The Edible Forest Garden


What is an Edible Forest Garden?

An edible forest garden, sometimes called a food forest, is a diverse planting of edible plants that mimics the ecosystem of a forest. Forest gardens have been a standard for millennia in many tropical regions, but they are quickly becoming a popular choice in more temperate regions for their sustainability. Robert Hart first popularized the concept among European and North American gardeners alike with his publication of Forest Gardening: Cultivating an Edible Landscape in the 1980s. Since then, food forest designs have been incorporated regularly within the permaculture movement. Permaculture is a movement based around the ideology that sustainable and healthy agricultural systems should be designed to mimic natural ecosystems and patterns found in nature. When a forest garden is planned well, it will significantly decrease if not eliminate the need for tilling, weeding, and the use of fertilizers or pesticides. The key to a successful forest garden is finding the right balance of biodiversity.

Planning an Edible Forest Garden

Food forests are three dimensional designs, with life extending in all directions – up, down, and out. Generally, these diverse plantings, often called guilds, consist of several distinct layers of vegetation. Typically, a planting guild for a forest garden has at least is five layers – the overstory, the understory, the shrub layer, the herbaceous layer, and the ground cover layer. However, plantings can also include a climbing layer, an underground layer, a fungal layer, and, if the environment permits, an aquatic layer. Using these layers, it is possible to fit more plants in an area without creating competition of resources leading to a healthier and more sustainable system with higher yields.

The Five Primary Layers

1. Overstory : This layer is typically the central point for a plant guild and, in an edible garden, consists a single large fruit tree, such as an apple or pear.

2. Understory : This layer is typically placed to either side of the central tree, just past the larger tree’s drip line, and consists of a smaller tree or two, such as a cherry or plum. Larger shrubs that stand between 6 and 16 ft tall can also be included in this layer.

3. Shrub : Smaller shrubs between 2 and 6 ft tall make up the shrub layer. Typically, these are placed to the south of the larger plants for the adequate sun light required for fruit production.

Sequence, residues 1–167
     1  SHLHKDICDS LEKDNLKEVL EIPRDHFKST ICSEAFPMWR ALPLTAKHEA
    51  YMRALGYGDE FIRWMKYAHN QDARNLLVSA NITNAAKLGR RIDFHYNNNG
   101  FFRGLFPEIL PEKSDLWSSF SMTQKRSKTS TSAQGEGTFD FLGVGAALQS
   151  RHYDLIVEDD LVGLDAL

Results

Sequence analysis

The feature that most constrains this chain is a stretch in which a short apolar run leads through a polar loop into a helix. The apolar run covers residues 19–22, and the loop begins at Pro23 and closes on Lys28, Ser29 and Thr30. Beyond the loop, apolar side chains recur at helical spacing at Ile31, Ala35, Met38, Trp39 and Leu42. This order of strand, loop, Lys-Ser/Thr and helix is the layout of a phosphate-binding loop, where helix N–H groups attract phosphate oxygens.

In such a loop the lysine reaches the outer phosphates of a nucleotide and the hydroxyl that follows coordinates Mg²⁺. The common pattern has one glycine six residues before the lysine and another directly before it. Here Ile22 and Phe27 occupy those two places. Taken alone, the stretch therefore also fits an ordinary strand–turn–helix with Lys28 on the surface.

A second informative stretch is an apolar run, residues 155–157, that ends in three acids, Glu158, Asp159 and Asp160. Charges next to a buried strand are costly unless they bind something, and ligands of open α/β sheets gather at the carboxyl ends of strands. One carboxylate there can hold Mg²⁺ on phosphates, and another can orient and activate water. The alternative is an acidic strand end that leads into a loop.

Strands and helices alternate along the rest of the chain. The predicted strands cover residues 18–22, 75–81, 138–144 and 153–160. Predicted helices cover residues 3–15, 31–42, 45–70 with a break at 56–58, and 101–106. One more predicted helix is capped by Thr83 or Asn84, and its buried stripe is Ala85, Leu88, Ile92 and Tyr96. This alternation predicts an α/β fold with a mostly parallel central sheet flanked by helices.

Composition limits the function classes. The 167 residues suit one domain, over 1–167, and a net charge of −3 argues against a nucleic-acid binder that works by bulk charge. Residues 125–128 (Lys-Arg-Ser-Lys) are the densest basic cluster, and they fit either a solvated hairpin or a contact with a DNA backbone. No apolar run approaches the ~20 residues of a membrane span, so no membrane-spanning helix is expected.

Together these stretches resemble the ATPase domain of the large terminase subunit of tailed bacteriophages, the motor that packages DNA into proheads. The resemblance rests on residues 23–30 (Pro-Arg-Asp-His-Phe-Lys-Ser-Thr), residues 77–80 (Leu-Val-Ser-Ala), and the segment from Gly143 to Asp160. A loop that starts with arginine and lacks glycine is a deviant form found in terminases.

4. Herbaceous : The herbaceous layer is made of herbaceous perennials when possible, but annuals can be planted from year to year. These plants are planted on the outer edges and in between other larger plantings, according to their individual environmental needs.

5. Ground Cover : The ground cover layer is an important layer to help deter weeds and other invasive plants from taking over the guild. This layer is usually planted with creeping perennials that will spread across the floor of the forest garden. A good choice for this layer is a mix of fruit bearers, such as strawberries, and nitrogen fixing plants, like clover.

Additional Layers

Climbing : Typically the climbing layer consist of vines that will grow vertically. Depending on the variety they may be allowed to climb the larger fruit trees or trellises can be placed where needed. Prairie hardy grapes and arctic kiwis are both good perennial options as are nitrogen fixing annuals, such as pole beans or peas.

Underground : The underground layer consist of root crops, annuals that can be planted from year to year, such as garlic, onions, etc. These crops not only maximize the use of space in a food forest, but they also offer the benefits of companion planting and help to deter certain pests.

Aquatic : If the space permits, an aquatic layer can also be added. This layer requires a small body of water to thrive, but can offer additional biodiversity to the planting.

Fungal : Many food foresters also include a mycelial or fungal layer with edible mushrooms. This further mimics the natural environment of a forest and maximizes the use of space.

Prairie Hardy Edible Plants

For additonal information on prairie hardy edible plants, please visit our Growing Edibles page.


Large Trees

Small Trees

Edible Shrubs

Edible Perennials

Edible Vines


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